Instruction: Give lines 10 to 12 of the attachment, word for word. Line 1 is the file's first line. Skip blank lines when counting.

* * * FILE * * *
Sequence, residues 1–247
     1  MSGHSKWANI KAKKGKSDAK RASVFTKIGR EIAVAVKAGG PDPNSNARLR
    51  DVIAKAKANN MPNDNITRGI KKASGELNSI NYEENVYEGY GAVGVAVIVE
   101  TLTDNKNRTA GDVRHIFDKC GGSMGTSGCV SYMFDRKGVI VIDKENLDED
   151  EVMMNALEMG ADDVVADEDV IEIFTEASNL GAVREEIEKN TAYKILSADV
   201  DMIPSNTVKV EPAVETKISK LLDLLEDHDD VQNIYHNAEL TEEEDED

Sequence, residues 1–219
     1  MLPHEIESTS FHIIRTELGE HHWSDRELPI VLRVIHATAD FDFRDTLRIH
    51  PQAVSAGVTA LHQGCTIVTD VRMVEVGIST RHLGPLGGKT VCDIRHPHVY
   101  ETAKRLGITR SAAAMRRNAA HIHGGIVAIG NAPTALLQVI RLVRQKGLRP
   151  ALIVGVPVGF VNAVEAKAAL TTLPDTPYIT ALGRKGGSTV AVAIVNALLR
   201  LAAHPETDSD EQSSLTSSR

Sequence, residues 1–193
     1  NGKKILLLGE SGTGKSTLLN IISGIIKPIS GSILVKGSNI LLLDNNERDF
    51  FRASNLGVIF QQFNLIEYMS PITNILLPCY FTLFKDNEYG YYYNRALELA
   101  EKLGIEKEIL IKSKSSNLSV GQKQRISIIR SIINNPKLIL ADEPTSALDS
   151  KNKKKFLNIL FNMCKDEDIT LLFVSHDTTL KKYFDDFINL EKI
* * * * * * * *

   101  ETAKRLGITR SAAAMRRNAA HIHGGIVAIG NAPTALLQVI RLVRQKGLRP
   151  ALIVGVPVGF VNAVEAKAAL TTLPDTPYIT ALGRKGGSTV AVAIVNALLR
   201  LAAHPETDSD EQSSLTSSR